Inventors and entrepreneurs in California have good reason to want to protect their businesses from unnecessary or unfair competition. In some cases, the way to do this is to secure specific intellectual property protections. These include copyrights, trademarks and service marks. Patents are another form of intellectual property that may give an inventor the ability to get a new product off the ground. However, it is important to understand how patents work to know when seeking one makes sense and when it may not.
As explained by Entrepreneur magazine, the road to being granted a patent may be long and expensive. For this reason, it is essential to identify the true need involved in seeking a patent. A utility patent, which is granted for an invention based on its function, lasts 20 years from the date for which the patent was first filed. The receipt of the actual patent can eat up several of those years, not to mention thousands of dollars.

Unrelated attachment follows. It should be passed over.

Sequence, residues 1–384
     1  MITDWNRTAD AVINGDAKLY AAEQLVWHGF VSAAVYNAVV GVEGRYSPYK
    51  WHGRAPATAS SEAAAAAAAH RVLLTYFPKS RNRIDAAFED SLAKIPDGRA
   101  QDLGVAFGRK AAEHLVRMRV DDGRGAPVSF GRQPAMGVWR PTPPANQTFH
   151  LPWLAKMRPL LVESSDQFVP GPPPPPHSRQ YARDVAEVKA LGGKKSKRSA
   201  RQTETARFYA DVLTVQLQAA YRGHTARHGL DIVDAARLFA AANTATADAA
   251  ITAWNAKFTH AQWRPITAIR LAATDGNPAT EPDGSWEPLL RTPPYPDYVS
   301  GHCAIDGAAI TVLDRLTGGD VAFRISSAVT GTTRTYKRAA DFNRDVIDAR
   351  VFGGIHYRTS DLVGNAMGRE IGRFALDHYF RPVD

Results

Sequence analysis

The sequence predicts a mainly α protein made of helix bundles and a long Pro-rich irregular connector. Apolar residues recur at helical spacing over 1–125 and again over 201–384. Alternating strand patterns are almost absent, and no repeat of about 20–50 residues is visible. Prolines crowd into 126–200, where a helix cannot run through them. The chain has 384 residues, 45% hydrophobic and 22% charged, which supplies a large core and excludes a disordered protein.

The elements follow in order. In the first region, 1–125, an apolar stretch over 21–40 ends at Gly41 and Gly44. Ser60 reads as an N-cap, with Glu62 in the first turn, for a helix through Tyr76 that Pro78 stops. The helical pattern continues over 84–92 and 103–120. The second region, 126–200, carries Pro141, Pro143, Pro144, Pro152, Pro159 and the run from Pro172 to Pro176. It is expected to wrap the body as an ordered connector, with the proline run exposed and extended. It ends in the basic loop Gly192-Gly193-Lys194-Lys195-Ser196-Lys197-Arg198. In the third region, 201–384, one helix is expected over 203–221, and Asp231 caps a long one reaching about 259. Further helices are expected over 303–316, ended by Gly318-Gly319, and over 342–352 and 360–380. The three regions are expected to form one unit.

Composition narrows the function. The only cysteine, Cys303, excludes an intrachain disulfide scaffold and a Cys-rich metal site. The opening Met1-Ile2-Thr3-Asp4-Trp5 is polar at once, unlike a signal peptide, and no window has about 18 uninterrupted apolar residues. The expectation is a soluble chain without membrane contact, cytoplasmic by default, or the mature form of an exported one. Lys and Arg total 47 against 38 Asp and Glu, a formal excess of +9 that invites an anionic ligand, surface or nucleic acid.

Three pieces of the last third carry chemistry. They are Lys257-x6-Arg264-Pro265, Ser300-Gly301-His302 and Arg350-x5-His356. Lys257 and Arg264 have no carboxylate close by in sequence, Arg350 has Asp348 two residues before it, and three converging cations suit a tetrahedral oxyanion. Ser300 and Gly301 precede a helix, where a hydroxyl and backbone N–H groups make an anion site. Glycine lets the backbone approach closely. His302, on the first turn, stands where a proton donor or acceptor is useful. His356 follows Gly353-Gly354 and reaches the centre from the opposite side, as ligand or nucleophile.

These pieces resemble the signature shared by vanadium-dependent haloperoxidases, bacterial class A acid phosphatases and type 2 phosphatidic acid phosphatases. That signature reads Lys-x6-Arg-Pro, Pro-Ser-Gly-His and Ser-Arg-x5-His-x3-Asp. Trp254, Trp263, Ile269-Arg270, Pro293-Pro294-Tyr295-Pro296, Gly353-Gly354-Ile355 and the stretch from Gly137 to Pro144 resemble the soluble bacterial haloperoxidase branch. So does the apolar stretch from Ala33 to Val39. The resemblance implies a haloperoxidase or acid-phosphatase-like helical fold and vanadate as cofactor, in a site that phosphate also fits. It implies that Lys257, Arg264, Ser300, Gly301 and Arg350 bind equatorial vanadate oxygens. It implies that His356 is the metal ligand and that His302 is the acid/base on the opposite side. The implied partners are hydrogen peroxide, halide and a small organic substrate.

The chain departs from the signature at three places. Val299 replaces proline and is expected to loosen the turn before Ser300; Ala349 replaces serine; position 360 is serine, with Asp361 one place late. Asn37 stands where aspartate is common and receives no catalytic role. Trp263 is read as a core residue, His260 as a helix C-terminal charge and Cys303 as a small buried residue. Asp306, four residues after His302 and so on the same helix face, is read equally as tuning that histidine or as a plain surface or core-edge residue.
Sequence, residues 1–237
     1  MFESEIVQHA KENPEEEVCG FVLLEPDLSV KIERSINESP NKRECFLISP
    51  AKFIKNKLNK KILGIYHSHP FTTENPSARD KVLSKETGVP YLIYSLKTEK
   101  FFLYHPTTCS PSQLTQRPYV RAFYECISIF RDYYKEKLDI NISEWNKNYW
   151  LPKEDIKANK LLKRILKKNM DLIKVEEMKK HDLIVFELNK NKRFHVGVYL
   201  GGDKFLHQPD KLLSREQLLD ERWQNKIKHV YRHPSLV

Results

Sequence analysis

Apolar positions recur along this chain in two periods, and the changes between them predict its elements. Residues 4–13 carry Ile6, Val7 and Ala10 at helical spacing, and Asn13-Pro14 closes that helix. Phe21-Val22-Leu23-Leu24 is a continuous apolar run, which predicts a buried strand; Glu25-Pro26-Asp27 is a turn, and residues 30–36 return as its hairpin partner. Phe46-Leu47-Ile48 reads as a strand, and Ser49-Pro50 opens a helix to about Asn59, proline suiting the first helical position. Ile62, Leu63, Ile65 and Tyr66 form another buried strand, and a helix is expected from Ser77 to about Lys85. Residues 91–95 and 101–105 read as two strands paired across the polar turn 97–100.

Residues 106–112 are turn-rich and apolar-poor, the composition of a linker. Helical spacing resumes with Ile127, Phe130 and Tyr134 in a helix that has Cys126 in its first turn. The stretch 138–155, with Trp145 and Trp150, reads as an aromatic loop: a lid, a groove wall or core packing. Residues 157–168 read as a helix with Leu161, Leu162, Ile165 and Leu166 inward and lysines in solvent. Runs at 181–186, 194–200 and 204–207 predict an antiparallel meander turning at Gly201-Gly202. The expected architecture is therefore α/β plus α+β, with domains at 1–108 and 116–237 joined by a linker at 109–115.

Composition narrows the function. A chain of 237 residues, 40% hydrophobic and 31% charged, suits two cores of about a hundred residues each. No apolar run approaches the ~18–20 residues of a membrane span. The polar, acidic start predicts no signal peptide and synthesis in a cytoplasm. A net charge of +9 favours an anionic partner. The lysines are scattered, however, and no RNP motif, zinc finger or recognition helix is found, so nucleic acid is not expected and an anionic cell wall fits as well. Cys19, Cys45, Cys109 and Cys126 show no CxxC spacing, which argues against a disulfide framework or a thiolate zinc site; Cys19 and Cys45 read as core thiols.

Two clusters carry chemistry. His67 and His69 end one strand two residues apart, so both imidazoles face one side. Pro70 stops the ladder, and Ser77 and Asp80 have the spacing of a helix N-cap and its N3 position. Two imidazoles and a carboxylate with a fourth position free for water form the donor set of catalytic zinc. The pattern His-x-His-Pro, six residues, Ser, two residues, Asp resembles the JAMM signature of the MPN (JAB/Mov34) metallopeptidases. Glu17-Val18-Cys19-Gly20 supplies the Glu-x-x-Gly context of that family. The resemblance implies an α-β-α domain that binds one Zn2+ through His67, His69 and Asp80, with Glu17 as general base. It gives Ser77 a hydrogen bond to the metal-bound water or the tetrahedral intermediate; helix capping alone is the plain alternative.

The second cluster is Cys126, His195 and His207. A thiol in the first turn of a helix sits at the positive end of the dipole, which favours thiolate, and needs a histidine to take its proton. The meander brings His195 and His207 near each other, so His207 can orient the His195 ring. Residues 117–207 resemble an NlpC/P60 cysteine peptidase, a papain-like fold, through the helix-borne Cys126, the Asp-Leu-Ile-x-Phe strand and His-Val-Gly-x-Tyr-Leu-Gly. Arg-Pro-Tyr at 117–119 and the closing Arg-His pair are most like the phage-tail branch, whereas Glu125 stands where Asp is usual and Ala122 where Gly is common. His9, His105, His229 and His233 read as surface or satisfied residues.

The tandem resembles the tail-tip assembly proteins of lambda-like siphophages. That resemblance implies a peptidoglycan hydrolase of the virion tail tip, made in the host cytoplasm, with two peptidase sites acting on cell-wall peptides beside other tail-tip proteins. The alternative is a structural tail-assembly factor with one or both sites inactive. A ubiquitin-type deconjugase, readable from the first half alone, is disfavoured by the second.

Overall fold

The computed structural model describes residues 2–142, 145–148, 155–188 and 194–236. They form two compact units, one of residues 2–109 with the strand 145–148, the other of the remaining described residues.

According to CNBC, some companies may be better served by investing their time and money into active marketing of their invention rather than securing a patent. Other companies, however, that want to license an invention to another company, might benefit from a patent as it provides some reassurance to a licensee.
One alternative to filing for a full patent is to file for a provisional patent initially. This gives inventors 12 months before they need to file for a full patent. During this time, they can clarify their true need for a patent yet get the process started.